Updated: March 2012
Displays a message in a dialog box, waits for the user to click a button, and then returns an integer indicating which button the user clicked.
Assembly: Microsoft.VisualBasic (in Microsoft.VisualBasic.dll)
[<HostProtectionAttribute(SecurityAction.LinkDemand, Resources = HostProtectionResource.UI)>] static member MsgBox : Prompt:Object * Buttons:MsgBoxStyle * Title:Object -> MsgBoxResult
- Type: System.Object
Required. String expression displayed as the message in the dialog box. The maximum length of Prompt is approximately 1024 characters, depending on the width of the characters used. If Prompt consists of more than one line, you can separate the lines using a carriage return character (Chr(13)), a line feed character (Chr(10)), or a carriage return/linefeed character combination (Chr(13) & Chr(10)) between each line.
- Type: Microsoft.VisualBasic.MsgBoxStyle
Optional. Numeric expression that is the sum of values specifying the number and type of buttons to display, the icon style to use, the identity of the default button, and the modality of the message box. If you omit Buttons, the default value is zero.
- Type: System.Object
Optional. String expression displayed in the title bar of the dialog box. If you omit Title, the application name is placed in the title bar.
Return ValueType: Microsoft.VisualBasic.MsgBoxResult
If you omit any positional arguments, you must retain the corresponding comma delimiter.
If the dialog box displays a Cancel button, pressing the ESC key has the same effect as clicking Cancel.
If the dialog box contains a Help button, context-sensitive Help is provided for the dialog box. However, no value is returned until the user clicks another button. If the user clicks the Help button in a Windows Form application, the HelpRequested event for the form runs.
The MsgBox function requires UIPermission at the SafeTopLevelWindows level, which may affect its execution in partial-trust situations. For more information, see Requesting Permissions and UIPermission.
The MsgBoxStyle enumeration values are listed in the following table.
Displays OK button only.
Displays OK and Cancel buttons.
Displays Abort, Retry, and Ignore buttons.
Displays Yes, No, and Cancel buttons.
Displays Yes and No buttons.
Displays Retry and Cancel buttons.
Displays Critical Message icon.
Displays Warning Query icon.
Displays Warning Message icon.
Displays Information Message icon.
First button is default.
Second button is default.
Third button is default.
Application is modal. The user must respond to the message box before continuing work in the current application.
System is modal. All applications are suspended until the user responds to the message box.
Specifies the message box window as the foreground window.
Text is right-aligned.
Specifies text should appear as right-to-left reading on Hebrew and Arabic systems.
The first group of values (0–5) describes the number and type of buttons displayed in the dialog box. The second group (16, 32, 48, 64) describes the icon style. The third group (0, 256, 512) determines which button is the default. The fourth group (0, 4096) determines the modality of the message box, and the fifth group specifies whether or not the message box window is the foreground window, along with the alignment and direction of the text. When adding numbers to create a final value for the Buttons argument, use only one number from each group.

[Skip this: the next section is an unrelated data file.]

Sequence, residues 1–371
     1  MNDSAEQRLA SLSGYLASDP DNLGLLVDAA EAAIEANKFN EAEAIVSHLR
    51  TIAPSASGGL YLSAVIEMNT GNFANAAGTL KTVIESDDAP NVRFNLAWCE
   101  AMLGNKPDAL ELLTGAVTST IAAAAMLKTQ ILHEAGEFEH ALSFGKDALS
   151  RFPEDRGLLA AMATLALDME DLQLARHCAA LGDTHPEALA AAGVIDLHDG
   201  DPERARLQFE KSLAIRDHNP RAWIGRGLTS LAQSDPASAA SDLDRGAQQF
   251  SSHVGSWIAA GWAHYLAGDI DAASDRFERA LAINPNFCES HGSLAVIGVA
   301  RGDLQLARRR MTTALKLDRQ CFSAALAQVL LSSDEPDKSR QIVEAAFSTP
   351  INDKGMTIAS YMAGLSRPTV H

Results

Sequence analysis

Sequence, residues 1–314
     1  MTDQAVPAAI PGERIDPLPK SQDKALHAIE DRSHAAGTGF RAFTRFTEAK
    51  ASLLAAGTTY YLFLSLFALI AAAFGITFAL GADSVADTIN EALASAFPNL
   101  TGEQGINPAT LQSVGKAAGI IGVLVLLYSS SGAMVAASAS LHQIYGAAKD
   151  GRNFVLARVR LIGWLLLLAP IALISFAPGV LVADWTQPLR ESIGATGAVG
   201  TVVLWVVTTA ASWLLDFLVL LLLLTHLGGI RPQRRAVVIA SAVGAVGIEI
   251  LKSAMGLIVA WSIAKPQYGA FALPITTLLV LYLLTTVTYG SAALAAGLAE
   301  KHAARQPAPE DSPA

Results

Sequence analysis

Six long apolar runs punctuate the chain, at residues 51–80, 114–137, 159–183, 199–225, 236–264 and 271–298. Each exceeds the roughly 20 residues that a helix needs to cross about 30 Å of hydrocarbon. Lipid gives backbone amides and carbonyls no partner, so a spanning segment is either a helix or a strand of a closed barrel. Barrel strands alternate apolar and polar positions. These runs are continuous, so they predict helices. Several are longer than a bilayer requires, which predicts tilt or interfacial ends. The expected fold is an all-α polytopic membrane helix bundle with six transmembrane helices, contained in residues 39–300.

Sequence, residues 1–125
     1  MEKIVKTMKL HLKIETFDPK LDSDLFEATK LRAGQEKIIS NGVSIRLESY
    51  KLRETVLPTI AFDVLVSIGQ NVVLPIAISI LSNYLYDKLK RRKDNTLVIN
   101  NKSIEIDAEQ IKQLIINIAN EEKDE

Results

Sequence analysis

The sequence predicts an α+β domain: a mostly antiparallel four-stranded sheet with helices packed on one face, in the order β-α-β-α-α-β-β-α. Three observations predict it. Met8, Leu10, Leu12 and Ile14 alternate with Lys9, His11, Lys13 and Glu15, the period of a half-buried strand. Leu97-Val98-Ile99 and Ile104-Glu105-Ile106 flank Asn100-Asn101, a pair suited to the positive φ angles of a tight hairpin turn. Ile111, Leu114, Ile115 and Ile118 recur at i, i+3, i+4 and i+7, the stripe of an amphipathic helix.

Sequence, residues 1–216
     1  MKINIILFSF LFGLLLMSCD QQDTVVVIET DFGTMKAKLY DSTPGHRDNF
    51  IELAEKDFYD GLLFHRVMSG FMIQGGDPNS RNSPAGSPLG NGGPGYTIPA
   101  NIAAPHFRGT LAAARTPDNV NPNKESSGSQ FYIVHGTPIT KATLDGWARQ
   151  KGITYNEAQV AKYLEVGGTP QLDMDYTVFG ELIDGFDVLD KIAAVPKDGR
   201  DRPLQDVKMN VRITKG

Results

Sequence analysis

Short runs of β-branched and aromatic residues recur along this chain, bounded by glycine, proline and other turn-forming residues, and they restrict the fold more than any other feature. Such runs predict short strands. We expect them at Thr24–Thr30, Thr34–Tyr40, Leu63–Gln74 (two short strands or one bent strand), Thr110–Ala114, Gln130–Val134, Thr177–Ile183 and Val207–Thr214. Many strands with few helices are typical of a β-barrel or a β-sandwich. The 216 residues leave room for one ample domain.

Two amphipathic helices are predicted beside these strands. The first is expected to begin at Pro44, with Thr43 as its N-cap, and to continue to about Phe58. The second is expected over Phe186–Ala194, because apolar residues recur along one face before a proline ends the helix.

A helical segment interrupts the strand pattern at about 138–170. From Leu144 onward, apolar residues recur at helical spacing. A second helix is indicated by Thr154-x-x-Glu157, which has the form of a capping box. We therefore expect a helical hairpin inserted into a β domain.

The HostProtectionAttribute attribute applied to this type or member has the following Resources property value: Resources. The HostProtectionAttribute does not affect desktop applications (which are typically started by double-clicking an icon, typing a command, or entering a URL in a browser). For more information, see the HostProtectionAttribute class or SQL Server Programming and Host Protection Attributes.
This example uses the MsgBox function to display a critical-error message in a dialog box with Yes and No buttons. The No button is specified as the default response. This is done by combining the MsgBox constant values into one numeric expression. In this case, adding 4 (the Yes/No button combination) and 16 (the Critical Message window) and 256 (the second button as default button) gives a total of 276. The value returned by the MsgBox function depends on the button chosen by the user: Yes returns a value of 6; No returns a value of 7.
' The following example requires that Option Infer be set to On. ' Define the message you want to see inside the message box. Dim msg = "Do you want to continue?" ' Display a simple message box. MsgBox(msg) ' Define a title for the message box. Dim title = "MsgBox Demonstration" ' Add the title to the display. MsgBox(msg, , title) ' Now define a style for the message box. In this example, the ' message box will have Yes and No buttons, the default will be ' the No button, and a Critical Message icon will be present. Dim style = MsgBoxStyle.YesNo Or MsgBoxStyle.DefaultButton2 Or MsgBoxStyle.Critical ' Display the message box and save the response, Yes or No. Dim response = MsgBox(msg, style, title) ' Take some action based on the response. If response = MsgBoxResult.Yes Then MsgBox("YES, continue!!", , title) Else MsgBox("NO, stop!!", , title) End If
Windows 7, Windows Vista SP1 or later, Windows XP SP3, Windows XP SP2 x64 Edition, Windows Server 2008 (Server Core not supported), Windows Server 2008 R2 (Server Core supported with SP1 or later), Windows Server 2003 SP2
The .NET Framework does not support all versions of every platform. For a list of the supported versions, see .NET Framework System Requirements.